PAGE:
See more of the story

When Henry James goes high, "Drive-Away Dolls" goes low.

The Ethan Coen-directed caper comedy, his first feature without brother and fellow St. Louis Park native Joel, is willing to go very, very low (no spoilers on what's in a mysterious suitcase whose contents are only revealed at the very end but I will say that it's not a Gutenberg bible). Two characters are depicted reading two different novels by the classy James but Coen's gleeful B-movie is much more interested in lesbian kissing games, moronic gangsters, cheesy pop songs and what we'll euphemistically call "marital aids."

It's 1999 and our broadly played heroines are Jamie (Margaret Qualley) and Marian (Geraldine Viswanathan), two 20-ish lesbians who, on a lark, agree to transport the suitcase from Philadelphia to Tallahassee, Fla. They do it in a "drive-away," a short-term car that can be obtained by those who are too young to legally rent a car if they're willing to leave it at a predetermined dropoff location.

There's not much that Jamie — who self-identifies as "loquacious" and has a very bad, vaguely Southern accent — and Marian aren't game for. Side trips on the way to Florida involve a female soccer team, several of those moronic gangsters, a couple of wild hotels, singing along to Linda Ronstadt hits and both the acquisition of and divesting of the aforementioned marital aids.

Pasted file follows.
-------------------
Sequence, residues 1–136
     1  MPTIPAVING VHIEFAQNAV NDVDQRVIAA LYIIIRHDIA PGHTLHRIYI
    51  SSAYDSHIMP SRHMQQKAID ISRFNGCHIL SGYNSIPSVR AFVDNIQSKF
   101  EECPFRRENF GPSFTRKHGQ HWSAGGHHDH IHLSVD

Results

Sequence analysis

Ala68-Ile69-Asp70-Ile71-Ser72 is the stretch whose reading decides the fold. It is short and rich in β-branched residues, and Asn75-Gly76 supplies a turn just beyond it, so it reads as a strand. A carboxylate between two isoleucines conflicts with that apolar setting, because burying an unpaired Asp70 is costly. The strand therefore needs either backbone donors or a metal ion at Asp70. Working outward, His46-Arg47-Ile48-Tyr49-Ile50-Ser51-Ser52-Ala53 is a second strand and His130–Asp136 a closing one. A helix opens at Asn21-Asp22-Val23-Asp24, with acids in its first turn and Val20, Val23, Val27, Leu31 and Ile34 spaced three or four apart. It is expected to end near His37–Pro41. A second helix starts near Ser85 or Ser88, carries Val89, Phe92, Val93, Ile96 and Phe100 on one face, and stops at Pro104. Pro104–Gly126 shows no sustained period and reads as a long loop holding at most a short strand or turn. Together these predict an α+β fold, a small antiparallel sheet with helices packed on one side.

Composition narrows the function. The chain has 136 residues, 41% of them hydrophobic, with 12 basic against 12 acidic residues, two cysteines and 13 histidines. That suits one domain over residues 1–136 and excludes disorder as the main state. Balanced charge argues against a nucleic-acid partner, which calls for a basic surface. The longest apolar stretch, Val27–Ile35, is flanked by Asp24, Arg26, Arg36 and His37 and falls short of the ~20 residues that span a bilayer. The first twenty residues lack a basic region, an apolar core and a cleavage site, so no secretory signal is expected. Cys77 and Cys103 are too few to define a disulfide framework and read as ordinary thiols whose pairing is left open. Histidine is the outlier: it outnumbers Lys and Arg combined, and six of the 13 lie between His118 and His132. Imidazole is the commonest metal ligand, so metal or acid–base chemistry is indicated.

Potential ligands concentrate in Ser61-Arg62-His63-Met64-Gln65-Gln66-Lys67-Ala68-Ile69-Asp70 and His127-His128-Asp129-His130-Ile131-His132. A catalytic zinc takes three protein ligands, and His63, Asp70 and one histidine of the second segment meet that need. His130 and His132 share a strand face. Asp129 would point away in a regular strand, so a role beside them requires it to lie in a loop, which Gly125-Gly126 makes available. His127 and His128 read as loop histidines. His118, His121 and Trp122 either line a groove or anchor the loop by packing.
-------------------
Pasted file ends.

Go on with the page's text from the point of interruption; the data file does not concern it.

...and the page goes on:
Cowritten by Ethan's wife, editor Tricia Cooke, "Dolls" has some of the same anarchic, screwball energy as the Coens' "Raising Arizona" or "The Big Lebowski." Its pleasures come not from the ending's explanation of various puzzling elements (including two big-star cameos) but from the wackiness along the way. The humor is, as the screenwriters have gleefully acknowledged, "juvenile," but the performances are vivid and, honestly, I'd watch a whole movie starring deadpan Bill Camp as Curlie, who rents the women the car that leads to all of their adventures.

As in Joel's significantly more serious "Macbeth," many Coen collaborators team with Ethan and Cooke on "Dolls," including composer Carter Burwell and sound editor Skip Lievsay (both of whom have worked on every single Coen brothers movie). There's a sense that a bunch of pals got together to make "Dolls" and, just as the movie insists that the fun part is what happens along the way, they seem to have teamed up to entertain themselves while making a low-stakes goofball project.

Was "Drive-Away Dolls" more fun to make than it is to watch? Possibly. It's also conceivable that a second "Dolls" viewing will make clearer what the rules are in these women's corner of the universe and whether it's significant that a new millennium is just around the corner for them.

It's also possible that the more you search "Drive-Away Dolls" for meaning, the sillier it gets.

'Drive-Away Dolls'

**1/2 out of 4 stars

Rated: R for nudity, language and violence.

Where: In theaters.